The jsp:param element is used with jsp:plugin in a manner similar to the way that PARAM is used with APPLET , specifying a name and value that are accessed from within the applet by getParameter . There are two main differences, however. First, since jsp:param follows XML syntax, attribute names must be lower case, attribute values must be enclosed in single or double quotes, and the element must end with /> , not just > . Second, all jsp:param entries must be enclosed within a jsp:params element.

So, for example, you would replace

 
 <APPLET CODE="MyApplet.class"         WIDTH=475 HEIGHT=350>  <PARAM NAME="PARAM1" VALUE="VALUE1">   <PARAM NAME="PARAM2" VALUE="VALUE2">  </APPLET> 

with

 
 <jsp:plugin type="applet"             code="MyApplet.class"             width="475" height="350">  <jsp:params>   <jsp:param name="PARAM1" value="VALUE1" />   <jsp:param name="PARAM2" value="VALUE2" />   </jsp:params>  </jsp:plugin>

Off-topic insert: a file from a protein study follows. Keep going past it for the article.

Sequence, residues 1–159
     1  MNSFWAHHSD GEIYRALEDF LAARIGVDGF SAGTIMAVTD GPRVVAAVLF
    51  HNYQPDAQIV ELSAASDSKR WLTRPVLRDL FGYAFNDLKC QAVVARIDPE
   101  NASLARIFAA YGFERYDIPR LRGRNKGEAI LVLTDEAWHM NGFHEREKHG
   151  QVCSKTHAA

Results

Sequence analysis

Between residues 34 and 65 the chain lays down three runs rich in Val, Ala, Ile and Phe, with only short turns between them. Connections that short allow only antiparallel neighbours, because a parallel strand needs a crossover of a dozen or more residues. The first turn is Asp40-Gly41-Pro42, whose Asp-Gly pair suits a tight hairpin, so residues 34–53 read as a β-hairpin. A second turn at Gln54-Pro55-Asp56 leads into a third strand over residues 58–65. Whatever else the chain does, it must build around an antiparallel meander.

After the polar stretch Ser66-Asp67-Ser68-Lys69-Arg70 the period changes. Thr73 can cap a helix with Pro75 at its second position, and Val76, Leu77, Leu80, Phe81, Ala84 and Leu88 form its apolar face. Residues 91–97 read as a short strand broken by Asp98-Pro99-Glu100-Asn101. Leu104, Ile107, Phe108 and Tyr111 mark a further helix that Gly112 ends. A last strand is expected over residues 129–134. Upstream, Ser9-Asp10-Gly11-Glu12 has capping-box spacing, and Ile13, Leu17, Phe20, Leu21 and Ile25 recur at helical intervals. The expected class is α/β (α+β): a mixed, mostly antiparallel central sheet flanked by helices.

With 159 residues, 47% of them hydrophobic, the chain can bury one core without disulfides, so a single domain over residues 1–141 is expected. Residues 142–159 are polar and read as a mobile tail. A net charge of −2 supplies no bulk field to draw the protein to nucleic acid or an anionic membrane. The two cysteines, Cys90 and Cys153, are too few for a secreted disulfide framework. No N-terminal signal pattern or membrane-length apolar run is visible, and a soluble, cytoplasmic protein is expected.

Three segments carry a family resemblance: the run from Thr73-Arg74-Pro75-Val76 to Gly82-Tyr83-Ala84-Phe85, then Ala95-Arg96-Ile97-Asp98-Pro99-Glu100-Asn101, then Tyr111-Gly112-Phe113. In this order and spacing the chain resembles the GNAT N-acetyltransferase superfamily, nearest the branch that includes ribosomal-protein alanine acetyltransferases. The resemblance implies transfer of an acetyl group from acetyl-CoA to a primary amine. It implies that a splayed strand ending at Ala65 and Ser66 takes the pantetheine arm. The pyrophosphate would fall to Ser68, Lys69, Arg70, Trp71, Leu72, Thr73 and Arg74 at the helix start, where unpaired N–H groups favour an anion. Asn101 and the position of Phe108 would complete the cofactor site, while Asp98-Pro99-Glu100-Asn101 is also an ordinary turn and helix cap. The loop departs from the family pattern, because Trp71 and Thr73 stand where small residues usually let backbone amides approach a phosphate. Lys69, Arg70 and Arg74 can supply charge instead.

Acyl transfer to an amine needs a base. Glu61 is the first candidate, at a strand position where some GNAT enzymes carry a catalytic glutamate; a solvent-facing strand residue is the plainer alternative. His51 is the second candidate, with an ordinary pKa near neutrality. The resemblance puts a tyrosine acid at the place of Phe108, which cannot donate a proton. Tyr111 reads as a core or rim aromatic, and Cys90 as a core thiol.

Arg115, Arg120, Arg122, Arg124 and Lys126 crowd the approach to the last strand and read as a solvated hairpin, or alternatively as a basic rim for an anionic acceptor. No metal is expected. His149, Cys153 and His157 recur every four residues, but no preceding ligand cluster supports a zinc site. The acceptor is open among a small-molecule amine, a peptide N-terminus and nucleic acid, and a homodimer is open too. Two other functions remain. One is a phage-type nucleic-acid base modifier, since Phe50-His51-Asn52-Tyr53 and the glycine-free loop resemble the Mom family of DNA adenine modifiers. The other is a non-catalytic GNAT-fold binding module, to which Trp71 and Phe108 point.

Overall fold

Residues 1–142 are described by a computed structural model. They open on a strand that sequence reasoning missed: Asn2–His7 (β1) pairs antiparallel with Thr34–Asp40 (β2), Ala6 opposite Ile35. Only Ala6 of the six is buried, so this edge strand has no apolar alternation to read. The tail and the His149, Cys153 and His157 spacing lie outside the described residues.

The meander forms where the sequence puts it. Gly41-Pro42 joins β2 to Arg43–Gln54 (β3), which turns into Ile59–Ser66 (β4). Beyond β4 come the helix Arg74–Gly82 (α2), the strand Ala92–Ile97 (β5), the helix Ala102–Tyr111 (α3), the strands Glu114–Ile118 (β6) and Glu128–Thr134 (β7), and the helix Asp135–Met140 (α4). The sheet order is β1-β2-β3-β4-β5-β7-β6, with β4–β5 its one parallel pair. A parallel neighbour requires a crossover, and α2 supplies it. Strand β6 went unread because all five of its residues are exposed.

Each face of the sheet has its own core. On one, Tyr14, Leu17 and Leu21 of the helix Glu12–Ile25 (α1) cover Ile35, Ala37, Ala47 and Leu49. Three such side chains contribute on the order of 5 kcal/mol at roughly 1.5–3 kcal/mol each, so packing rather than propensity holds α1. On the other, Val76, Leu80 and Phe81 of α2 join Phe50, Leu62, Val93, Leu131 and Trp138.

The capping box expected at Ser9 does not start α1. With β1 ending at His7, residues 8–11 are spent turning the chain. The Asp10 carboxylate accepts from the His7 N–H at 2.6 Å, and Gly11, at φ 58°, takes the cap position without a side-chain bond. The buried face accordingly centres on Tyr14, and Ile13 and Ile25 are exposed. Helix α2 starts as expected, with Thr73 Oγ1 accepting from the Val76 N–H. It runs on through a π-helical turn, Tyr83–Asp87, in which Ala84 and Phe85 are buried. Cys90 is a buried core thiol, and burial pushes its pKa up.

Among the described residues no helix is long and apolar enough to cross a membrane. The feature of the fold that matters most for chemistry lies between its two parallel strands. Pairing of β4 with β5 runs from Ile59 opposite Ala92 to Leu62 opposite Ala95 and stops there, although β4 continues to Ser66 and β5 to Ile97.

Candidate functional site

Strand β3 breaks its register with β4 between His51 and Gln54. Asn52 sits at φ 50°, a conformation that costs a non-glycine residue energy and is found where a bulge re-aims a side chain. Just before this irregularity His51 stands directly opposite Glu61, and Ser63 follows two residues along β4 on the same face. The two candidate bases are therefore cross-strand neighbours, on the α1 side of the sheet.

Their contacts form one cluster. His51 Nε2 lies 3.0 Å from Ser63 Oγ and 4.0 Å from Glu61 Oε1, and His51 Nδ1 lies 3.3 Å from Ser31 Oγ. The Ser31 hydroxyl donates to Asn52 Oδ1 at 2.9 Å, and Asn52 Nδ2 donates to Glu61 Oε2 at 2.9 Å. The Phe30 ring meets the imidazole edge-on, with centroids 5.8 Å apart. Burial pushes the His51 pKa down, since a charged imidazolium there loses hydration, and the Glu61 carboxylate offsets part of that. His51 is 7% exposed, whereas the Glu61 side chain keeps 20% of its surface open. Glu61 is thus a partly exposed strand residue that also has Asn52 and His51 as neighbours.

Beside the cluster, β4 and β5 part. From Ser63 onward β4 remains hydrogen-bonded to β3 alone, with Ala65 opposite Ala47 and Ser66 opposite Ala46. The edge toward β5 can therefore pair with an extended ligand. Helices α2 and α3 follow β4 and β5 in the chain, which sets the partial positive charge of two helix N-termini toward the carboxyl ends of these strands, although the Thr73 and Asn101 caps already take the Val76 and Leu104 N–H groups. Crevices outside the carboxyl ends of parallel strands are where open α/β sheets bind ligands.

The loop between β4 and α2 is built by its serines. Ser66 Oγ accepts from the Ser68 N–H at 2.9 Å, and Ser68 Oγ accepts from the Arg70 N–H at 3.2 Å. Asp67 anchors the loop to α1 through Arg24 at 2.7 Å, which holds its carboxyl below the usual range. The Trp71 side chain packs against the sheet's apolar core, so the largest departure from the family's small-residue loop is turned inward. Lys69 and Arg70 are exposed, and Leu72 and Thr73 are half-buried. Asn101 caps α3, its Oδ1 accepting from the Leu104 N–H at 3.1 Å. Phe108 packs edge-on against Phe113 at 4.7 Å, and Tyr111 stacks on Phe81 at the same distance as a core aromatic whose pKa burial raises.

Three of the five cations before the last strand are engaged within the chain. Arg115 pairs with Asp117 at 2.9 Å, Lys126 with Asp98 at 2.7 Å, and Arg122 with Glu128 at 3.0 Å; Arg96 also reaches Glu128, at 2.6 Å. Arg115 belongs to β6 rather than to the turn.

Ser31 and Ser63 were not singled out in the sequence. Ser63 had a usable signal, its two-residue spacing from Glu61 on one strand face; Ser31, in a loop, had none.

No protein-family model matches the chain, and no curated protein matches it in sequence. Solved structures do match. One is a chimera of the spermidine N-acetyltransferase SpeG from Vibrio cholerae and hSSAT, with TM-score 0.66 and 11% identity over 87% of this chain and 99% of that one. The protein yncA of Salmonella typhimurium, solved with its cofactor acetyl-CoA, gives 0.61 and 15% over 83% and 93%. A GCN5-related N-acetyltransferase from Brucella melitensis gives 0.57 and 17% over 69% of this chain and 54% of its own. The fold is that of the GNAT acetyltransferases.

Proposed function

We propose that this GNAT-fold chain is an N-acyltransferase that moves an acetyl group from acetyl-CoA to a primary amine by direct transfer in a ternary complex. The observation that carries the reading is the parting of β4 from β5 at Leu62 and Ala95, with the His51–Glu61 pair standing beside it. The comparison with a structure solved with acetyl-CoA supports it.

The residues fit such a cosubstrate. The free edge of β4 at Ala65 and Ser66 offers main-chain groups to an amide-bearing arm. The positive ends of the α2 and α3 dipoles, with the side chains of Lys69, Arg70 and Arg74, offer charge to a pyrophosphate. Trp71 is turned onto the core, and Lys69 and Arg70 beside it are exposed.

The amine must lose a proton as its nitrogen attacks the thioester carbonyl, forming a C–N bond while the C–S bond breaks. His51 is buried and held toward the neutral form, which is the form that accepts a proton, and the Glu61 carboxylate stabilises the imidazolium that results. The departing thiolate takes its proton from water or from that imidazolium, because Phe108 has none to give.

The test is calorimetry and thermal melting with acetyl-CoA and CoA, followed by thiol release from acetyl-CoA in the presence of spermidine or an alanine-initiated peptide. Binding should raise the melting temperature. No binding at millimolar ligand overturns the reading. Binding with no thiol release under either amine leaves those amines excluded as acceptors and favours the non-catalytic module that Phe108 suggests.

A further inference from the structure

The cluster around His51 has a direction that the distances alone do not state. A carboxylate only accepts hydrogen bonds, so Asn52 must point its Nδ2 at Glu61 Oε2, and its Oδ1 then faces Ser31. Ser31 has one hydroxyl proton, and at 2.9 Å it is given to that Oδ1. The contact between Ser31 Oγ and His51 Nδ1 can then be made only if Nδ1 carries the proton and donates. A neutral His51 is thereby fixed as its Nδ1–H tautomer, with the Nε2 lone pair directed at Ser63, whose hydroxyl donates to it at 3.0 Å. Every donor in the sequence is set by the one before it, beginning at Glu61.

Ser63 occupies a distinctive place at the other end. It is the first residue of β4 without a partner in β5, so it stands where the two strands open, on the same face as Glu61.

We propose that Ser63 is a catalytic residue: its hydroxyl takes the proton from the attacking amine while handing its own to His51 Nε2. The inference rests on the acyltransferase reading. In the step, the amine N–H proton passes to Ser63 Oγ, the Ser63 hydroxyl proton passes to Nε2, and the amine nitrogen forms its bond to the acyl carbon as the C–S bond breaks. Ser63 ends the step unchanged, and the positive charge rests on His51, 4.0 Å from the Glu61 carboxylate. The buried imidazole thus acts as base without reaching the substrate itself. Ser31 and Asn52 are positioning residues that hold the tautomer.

The jsp:fallback Element

The jsp:fallback element provides alternative text to browsers that do not support OBJECT or EMBED . You use this element in almost the same way as you would use alternative text placed within an APPLET element. So, for example, you would replace

 
 <APPLET CODE="MyApplet.class"         WIDTH=475 HEIGHT=350>  <B>Error: this example requires Java.</B>  </APPLET> 

with

 
 <jsp:plugin type="applet"             code="MyApplet.class"             width="475" height="350">  <jsp:fallback>   <B>Error: this example requires Java.</B>   </jsp:fallback>  </jsp:plugin> 

A jsp:plugin Example